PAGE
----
I'm not an expert on the history of Mohammed, so if you know, please tell me:
Did Mohammed command his followers to use the sword to spread Islam? Yes or no?
If Mohammed did not advocate the sword, then I can sympathize with Muslims' anger. I don't like my religious figure--Jesus Christ--being grossly misrepresented either.
But if Mohammed did, then why are Muslims so upset? It's history. And sometimes, history hurts. Christians certainly have plenty in theirs to be embarrassed about.
No matter the answer to the above question, isn't it obvious that a few well publicized Muslims are using the sword today in the name of Allah--and in turn labeling Islam as violent? Are such deeds evil and inhuman?
Nobody however is focusing on these essential questions. Instead, all the attention is focused on condemning the Pope.
Here's one example from Frazer's report:
Salih Kapusuz, a deputy leader of Turkish Prime Minister Recep Tayyip Erdogan's party, said Benedict's remarks were either "the result of pitiful ignorance" about Islam and its prophet, or a deliberate distortion.
"He has a dark mentality that comes from the darkness of the Middle Ages. He is a poor thing that has not benefited from the spirit of reform in the Christian world," Kapusuz was quoted as saying by the state-owned Anatolia news agency. "It looks like an effort to revive the mentality of the Crusades."
"Benedict, the author of such unfortunate and insolent remarks, is going down in history for his words," he said. "He is going down in history in the same category as leaders such as (Adolf) Hitler and (Benito) Mussolini."Revive the mentality of the crusades?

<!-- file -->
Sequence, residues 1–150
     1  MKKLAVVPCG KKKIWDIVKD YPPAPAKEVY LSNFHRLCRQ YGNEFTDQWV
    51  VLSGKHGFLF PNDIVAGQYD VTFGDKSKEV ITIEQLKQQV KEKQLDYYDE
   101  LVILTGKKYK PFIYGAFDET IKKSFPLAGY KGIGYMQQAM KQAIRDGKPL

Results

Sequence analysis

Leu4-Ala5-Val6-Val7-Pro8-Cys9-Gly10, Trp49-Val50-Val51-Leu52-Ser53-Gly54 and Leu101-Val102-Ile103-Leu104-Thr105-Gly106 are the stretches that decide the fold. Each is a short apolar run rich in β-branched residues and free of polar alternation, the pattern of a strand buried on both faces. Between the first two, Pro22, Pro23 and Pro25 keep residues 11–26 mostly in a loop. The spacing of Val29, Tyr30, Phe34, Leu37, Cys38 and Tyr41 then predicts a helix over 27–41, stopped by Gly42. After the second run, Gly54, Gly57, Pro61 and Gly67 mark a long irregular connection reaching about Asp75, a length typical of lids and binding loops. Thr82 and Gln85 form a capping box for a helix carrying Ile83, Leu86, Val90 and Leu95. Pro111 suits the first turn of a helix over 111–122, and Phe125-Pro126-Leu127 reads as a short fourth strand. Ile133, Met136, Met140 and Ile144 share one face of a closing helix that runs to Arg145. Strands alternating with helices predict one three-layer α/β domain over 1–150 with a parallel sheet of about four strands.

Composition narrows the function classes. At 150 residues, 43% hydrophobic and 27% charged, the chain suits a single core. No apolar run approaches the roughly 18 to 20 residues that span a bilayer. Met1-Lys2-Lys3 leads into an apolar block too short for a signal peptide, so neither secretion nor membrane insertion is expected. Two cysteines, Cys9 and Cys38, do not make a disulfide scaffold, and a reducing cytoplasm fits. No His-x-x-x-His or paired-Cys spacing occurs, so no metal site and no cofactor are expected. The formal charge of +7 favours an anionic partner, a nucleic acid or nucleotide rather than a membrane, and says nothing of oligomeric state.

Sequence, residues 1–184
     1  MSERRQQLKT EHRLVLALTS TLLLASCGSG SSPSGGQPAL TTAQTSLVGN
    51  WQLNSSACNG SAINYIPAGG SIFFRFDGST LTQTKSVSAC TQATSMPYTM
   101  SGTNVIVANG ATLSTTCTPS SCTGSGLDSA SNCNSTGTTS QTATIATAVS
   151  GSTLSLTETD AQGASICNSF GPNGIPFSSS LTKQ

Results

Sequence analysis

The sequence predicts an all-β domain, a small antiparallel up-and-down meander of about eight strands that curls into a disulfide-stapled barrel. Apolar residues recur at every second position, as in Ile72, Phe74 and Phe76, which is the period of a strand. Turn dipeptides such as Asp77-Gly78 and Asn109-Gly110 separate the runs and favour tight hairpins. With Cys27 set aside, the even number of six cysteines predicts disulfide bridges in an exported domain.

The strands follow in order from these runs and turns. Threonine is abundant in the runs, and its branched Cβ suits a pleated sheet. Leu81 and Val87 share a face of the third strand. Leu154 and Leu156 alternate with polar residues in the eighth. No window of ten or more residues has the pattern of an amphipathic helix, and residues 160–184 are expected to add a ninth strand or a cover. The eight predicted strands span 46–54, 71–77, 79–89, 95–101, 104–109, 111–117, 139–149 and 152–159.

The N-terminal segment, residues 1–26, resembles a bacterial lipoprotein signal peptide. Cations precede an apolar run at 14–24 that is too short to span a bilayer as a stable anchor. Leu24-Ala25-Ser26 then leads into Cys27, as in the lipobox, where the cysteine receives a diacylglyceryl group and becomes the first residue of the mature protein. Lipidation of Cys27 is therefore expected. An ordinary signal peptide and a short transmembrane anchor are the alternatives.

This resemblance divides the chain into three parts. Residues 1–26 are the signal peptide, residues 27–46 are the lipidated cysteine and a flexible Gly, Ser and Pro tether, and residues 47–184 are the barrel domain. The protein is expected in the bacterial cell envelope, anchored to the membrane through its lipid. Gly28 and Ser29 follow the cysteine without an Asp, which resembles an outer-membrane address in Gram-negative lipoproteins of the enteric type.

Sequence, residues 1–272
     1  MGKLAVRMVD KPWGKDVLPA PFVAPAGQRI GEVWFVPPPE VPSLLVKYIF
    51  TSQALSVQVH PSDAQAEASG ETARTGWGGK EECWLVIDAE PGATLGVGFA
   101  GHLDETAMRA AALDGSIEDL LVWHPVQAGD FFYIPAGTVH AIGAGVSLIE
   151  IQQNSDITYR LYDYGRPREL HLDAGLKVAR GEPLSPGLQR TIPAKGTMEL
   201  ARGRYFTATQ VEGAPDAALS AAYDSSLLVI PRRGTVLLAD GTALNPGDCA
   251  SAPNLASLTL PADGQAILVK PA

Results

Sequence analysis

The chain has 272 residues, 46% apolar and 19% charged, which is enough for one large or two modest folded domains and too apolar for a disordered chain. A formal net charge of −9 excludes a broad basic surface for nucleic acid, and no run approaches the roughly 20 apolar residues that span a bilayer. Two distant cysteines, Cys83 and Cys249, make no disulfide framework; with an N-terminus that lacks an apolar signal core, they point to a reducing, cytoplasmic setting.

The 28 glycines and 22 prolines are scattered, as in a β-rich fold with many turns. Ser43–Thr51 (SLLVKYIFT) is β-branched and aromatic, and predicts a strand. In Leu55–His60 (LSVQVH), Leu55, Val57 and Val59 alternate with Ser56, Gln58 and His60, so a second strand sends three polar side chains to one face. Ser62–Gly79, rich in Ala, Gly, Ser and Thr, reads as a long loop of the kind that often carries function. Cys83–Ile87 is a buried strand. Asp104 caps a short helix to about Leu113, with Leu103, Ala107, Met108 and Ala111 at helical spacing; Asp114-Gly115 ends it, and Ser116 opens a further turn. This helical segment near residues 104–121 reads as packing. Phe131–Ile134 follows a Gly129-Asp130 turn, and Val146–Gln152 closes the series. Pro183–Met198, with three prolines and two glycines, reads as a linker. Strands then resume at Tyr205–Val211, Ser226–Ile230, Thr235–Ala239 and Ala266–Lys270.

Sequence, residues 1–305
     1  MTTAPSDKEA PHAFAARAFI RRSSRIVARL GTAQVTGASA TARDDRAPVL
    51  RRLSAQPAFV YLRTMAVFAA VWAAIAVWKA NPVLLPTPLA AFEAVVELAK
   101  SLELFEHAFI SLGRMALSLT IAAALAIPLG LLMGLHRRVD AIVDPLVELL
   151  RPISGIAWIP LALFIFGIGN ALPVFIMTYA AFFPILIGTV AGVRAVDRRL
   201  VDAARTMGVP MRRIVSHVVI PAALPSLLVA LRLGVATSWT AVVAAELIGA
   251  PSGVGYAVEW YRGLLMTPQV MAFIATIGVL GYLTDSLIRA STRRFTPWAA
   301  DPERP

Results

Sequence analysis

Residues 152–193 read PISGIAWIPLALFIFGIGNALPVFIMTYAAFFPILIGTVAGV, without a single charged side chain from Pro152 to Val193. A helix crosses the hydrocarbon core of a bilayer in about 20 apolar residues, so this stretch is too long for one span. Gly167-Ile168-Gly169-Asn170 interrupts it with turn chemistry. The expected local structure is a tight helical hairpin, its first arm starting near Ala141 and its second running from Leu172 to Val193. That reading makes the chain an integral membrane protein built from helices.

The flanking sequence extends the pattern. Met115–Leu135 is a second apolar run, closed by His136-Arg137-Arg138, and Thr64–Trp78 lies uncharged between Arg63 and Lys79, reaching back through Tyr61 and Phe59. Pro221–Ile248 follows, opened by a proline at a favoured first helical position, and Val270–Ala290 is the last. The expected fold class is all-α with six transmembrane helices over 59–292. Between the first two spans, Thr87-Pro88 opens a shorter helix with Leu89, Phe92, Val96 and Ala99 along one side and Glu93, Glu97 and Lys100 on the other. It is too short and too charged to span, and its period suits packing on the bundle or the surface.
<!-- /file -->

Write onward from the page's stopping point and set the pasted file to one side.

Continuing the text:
In the same category as leaders such as Hitler and Mussolini?
Mr. Kapusuz, read the Pope's lecture. He clearly condemns religious violence. He clearly condemns forced religious conversions. Do you?
After the now infamous quote, the Pope continues to cites the Emperor:
"The emperor, after having expressed himself so forcefully, goes on to explain in detail the reasons why spreading the faith through violence is something unreasonable. Violence is incompatible with the nature of God and the nature of the soul. 'God', he says, 'is not pleased by blood - and not acting reasonably is contrary to God's nature. Faith is born of the soul, not the body. Whoever would lead someone to faith needs the ability to speak well and to reason properly, without violence and threats... To convince a reasonable soul, one does not need a strong arm, or weapons of any kind, or any other means of threatening a person with death...'".
And then the Pope says this. Here is what he believes:
"The decisive statement in this argument against violent conversion is this: not to act in accordance with reason is contrary to God's nature. "
The Pope's lecture is very philosophical.